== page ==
Om Sweet Home: We Are Shining Stars From Darkside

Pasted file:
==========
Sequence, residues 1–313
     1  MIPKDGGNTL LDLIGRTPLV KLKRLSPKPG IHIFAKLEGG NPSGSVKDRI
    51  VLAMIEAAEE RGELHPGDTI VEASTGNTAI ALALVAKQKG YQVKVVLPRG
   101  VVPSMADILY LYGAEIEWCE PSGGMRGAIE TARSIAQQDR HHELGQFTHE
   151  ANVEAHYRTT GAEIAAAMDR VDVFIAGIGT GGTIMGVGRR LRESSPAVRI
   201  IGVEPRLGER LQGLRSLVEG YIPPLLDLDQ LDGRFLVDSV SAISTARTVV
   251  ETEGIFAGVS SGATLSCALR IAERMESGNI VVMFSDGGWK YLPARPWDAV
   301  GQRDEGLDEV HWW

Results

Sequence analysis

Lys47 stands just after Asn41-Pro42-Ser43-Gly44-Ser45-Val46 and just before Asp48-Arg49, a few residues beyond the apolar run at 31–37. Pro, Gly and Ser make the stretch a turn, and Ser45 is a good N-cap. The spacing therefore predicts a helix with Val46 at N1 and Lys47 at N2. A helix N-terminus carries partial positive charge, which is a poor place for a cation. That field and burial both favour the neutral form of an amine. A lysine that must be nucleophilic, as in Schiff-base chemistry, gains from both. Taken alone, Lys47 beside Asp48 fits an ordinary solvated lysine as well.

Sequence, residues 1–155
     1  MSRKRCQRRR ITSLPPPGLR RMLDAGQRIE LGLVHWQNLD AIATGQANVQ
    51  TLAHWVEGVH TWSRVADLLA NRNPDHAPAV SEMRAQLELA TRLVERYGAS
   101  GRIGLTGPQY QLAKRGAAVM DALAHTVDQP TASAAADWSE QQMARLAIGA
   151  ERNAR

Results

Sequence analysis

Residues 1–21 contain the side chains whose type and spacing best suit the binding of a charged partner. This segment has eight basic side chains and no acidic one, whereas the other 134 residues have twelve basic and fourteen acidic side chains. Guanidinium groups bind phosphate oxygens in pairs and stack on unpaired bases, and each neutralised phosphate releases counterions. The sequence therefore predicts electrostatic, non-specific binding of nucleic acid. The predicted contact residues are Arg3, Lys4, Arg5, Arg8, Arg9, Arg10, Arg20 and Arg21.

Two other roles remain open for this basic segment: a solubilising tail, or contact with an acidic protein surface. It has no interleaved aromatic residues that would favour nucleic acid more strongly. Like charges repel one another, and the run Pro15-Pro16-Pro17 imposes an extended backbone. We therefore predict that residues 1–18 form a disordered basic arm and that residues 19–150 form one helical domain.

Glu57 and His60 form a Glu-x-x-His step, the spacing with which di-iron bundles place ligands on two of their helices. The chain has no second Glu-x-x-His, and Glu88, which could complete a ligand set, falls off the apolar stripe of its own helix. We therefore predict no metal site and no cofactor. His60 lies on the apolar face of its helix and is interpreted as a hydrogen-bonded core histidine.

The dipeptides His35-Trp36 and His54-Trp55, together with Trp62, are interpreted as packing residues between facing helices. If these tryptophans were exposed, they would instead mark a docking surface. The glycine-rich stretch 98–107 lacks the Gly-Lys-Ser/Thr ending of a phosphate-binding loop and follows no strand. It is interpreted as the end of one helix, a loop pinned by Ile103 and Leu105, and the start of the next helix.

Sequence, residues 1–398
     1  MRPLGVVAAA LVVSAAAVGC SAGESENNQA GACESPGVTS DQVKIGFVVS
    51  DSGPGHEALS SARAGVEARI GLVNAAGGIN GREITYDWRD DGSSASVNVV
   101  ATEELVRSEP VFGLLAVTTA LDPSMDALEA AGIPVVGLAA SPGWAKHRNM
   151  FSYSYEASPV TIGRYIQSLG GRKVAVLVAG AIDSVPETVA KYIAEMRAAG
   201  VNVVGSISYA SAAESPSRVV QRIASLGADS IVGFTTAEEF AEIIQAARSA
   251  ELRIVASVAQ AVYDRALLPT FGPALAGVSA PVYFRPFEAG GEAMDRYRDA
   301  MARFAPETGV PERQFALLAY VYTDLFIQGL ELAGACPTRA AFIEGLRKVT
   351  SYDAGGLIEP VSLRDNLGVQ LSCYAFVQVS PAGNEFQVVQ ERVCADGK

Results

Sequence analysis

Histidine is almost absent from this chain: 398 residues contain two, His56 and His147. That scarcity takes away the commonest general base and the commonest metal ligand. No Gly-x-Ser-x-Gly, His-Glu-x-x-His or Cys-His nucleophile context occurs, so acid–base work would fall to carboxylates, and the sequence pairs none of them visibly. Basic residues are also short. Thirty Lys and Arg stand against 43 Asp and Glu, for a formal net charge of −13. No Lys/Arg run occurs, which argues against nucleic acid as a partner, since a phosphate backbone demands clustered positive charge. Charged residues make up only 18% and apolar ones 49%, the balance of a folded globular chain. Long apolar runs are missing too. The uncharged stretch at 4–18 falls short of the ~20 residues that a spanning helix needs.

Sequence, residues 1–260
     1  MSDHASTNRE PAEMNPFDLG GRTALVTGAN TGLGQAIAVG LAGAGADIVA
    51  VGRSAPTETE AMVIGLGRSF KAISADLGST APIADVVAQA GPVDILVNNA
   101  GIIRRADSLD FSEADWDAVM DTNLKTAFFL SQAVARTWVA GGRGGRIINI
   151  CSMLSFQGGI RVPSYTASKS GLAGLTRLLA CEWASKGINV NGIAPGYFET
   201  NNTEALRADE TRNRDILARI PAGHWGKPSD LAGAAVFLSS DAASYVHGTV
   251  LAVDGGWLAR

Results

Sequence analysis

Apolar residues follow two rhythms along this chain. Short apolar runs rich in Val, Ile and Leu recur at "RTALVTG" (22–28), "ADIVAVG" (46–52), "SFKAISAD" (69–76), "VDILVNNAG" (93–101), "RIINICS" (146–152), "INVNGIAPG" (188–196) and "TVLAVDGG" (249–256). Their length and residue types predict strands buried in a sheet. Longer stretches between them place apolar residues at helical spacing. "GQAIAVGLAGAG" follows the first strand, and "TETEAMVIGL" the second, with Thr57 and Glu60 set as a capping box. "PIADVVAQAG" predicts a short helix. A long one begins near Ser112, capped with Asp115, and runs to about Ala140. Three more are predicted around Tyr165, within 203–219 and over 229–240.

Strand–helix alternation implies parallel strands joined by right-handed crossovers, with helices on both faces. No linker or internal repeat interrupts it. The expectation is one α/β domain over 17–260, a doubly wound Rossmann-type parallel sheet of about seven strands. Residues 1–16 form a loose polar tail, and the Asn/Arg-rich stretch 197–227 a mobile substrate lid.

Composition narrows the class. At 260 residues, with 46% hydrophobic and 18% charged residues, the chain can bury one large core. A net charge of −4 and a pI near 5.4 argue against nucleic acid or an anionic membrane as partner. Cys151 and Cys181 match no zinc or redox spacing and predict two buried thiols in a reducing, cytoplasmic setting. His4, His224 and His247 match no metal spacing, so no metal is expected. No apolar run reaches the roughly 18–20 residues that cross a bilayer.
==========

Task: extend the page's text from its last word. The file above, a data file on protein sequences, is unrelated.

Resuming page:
This is the eagerly-awaited debut album from Japanese underground legends Makoto Kawabata (Acid Mothers Temple/Mainliner) and Pikacyu (Afrirampo). Combining their trademark master musicianship, out-there sonic attack and off-the-wall weirdness, OM Sweet Home: We Are Shining Stars From Darkside is the exciting sound of another legend in the making. Equal parts psychedelia, warped pop, full-on Japnoise and avant-garde passages, it's sure to appeal to their many followers worldwide. Special first edition of 1,000 copies only (for the world) shrink-wrapped CD packaged inside a 350 gram gatefold card sleeve with reverse board printing. Subsequent represses will be in standard packaging. Pikacyu*Makoto is an alliance between two figureheads of underground Japanese psych/pop. No strangers to one another, the pair have not only gigged together with their respective bands but also recorded together, when these two outfits temporarily fused in 2005 to become Acid Mothers Afrirampo (releasing an album of the same name). Now they have distilled their collaboration, all other players being stripped away to leave the core of Pikacyu's manic drums and vocals, and Makoto's schizoid guitar conjurings. OM Sweet Home: We Are Shining Stars From Darkside is unlike anything either culprit has produced before, both structured and freeform, tuneless and beautiful. Pikacyu's drums pummel, jitter, crash and stumble, but steadfastly refuse to groove. She layers her voice several times, competing with maniacally pitch-shifted versions of herself to bring you what is, in their words, "a story about the cosmic shaman Pikacyu vs. the master of the darkness Makoto... including the full love from the universe!!" Makoto attacks his guitar, cloaking himself in reverb to produce a wall of sound, alternating between melody and noise. "OM Marijana FU" resembles field recordings of a gang of lady monks doing chants in the monastery, played back on dying tape Walkmans. Then you're thrown straight into the deep-end of one of the album's epics -- "Birth Star." Those holy women are joined by propulsive drumming, each guitar chord leaving contrails that weave together in a cathedral of reverb, forming a tapestry of noise that threatens to clash but never does. On the frenetic "Wild Rise," the Western listener, ignorant of the language, is eventually left with the impression of wordless chants tapping wells of emotion that lie beyond the reach of vocabulary. The instrumental "Pigamelan-Magamelan" on the other hand, represents a total gear-shift, its dry sound, attack-laden guitar runs and avoidance of time signature invoking the exploding-note theory of Captain Beefheart. "Minakata Loid" brings drums reminiscent of early Four Tet, while the guitar emits high-pitched detonations from the far-end of an empty auditorium. "Back To Your House Over The Rainbow" exposes the knife-edge of Pikacyu's most extreme vocalizations, sounding like the yodels of a spirit trying to escape its own skin.